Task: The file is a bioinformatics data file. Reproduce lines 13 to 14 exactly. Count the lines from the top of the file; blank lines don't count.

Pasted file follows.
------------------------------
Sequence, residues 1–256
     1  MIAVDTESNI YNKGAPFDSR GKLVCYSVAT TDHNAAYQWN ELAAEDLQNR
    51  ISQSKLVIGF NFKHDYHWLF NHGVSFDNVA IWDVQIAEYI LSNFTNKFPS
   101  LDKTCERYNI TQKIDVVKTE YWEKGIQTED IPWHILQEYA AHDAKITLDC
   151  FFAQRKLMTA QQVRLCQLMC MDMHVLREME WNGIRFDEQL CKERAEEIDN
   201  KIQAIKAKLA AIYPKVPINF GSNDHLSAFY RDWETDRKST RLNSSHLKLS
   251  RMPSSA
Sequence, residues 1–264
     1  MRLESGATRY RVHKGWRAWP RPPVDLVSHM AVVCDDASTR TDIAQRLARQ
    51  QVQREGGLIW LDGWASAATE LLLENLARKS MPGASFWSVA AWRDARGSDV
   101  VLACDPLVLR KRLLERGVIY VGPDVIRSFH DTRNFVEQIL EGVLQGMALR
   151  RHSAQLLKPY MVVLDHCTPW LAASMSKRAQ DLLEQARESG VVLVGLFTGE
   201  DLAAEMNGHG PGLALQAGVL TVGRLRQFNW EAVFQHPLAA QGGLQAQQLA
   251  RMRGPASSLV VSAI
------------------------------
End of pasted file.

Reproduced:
   201  DLAAEMNGHG PGLALQAGVL TVGRLRQFNW EAVFQHPLAA QGGLQAQQLA
   251  RMRGPASSLV VSAI